Pajama Shopping

As I’ve mentioned before, “tax season” is the busy time of the year for my wife.  She’s a tax preparer, so April 18th for her was the equivalent of the last day of school for me as a teacher–it’s time to take a deep breath and try to relax just a bit.  The next year is coming, but for now it’s time to slow down and catch up.

Our granddaughters have missed their Nana, who likes to spend the other ten months of the year seeing them considerably more than she has over the last two.  It’s not as if they haven’t seen each other, but it hasn’t been as much as any of them would like.  This year, as things started to draw to a close, my wife announced a treat for the end of the season: We would take the girls pajama shopping!

Now, for me, I didn’t really understand the excitement of going shopping for what in essence is an old pair of gym shorts and a past-its-prime t-shirt.

Okay, despite having never been a two- or three-year-old girl, I guess I did understand.  What was it going to be? Trolls have been popular, and My Little Pony is still high on the list of things that make their hearts beat faster.  Maybe a favorite color: pink for the older and purple for the younger.  Regardless, I knew that gym shorts and an old t-shirt wasn’t what they had in mind.

Tax season saw its last day pass, and it was finally shopping day.  If this was a movie, the day would have dawned clear and crisp with a light breeze to make it more exciting for the butterflies and flowers to dance in the air.  As it turned out, though, an unseasonably cool morning, a wind from the north, and a fine mist is what greeted us as we stepped out of the house.  Not quite one of Pooh’s blustery days, but not a beautiful spring morning, either.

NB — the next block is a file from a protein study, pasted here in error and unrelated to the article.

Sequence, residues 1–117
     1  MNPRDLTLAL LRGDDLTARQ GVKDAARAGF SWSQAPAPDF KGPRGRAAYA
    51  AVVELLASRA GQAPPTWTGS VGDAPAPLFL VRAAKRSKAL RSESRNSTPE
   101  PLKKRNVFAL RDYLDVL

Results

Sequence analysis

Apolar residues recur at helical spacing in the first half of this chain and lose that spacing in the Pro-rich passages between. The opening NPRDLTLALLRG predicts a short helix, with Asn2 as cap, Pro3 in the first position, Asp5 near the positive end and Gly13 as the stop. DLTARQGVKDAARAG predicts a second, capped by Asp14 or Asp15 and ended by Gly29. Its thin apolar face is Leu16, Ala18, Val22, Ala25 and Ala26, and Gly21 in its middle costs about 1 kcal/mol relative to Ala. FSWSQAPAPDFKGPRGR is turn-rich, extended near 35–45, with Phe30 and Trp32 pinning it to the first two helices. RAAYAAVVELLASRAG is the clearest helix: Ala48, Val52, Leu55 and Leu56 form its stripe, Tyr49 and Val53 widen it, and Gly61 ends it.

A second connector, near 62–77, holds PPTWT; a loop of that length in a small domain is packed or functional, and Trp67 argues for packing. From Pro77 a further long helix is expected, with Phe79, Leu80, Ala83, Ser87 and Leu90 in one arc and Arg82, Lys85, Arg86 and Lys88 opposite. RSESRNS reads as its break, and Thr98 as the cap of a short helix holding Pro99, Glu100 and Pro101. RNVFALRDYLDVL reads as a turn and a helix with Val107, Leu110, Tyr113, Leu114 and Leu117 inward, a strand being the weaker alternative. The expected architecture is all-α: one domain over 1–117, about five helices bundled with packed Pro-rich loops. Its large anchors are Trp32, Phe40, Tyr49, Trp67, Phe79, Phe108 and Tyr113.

The shopping experience came and went, and a good time was–for the most part–had by all.  The three-year-old was just excited because somethingwashappeningsomethingwashappening! and the two-year-old turned out to be, well, two.  That’s okay, we had fun and made a memory, if not for them, then for us.  If our plans for next year hold out, we’ll be out there again in the middle of April with two children who are another year older, ready to go through a new selection of pjs in search of the just-perfect pair.  

Me? I’m so much more than happy with what I’ve got, thanks…and my pajamas are okay, too.

“I Love Hiking!”

There is not an audible whoosh when I slip my foot into one of my hiking boots.  I listen for it every time, but haven’t heard it yet.  There is, however, a deeply satisfying piston-like feeling as I grip the tongue of the boot with one hand, the fabric loop on the back with the other, and slide my foot in.  A few loops of the lace around the hooks, a just-tight-enough tug, and a quick knot has me ready to go.  That was part of the routine a few mornings ago as I got ready to hit the trail on one of my most memorable excursions in quite a while.  

Meeting the crew at the trail head half an hour later helped me know just how demanding this trip would be.  As I looked from Aaron, the seasoned Sierra Club hike leader, to Mike, recently transplanted to our area from the land of Colorado’s fourteeners, those 14,000 feet high behemoths of stone, I knew I was out of my league.  Then there was Heather, a veteran naturalist with plenty of her life spent in the wildernesses of our nation, and Erin, whose well-worn hiking boots gave testimony to her time putting one foot in front of the other along the paths of innumerable rocky elevations throughout the southeast United States.  Glancing down at my own boots and recognizing that I could only see their toes beneath my waistline (shrinking, thank you very much, but only slowly) didn’t help matters.  

Finally, there was the crew member who would soon reveal herself to be the true leader of our sojourn, not because of her experience or other bona fides, but simply through the force of her personality.  It was easy to recognize her as an experienced hiker because of her calm, I-belong-here demeanor.  I’m happy to say, though, that my butterflies eased a bit, and I found no small measure of solace as I read the graphic emblazoned across the front of her t-shirt.  It helped me know I’d be able to keep up with this most august group of trekkers.

“Wish, Dream, Sparkle,” with a wand-toting fairy flying alongside the words.

At four years old, this little hiker with the Velcro-fastened shoes was a force that had to be respected. That said, I knew I was going to be okay.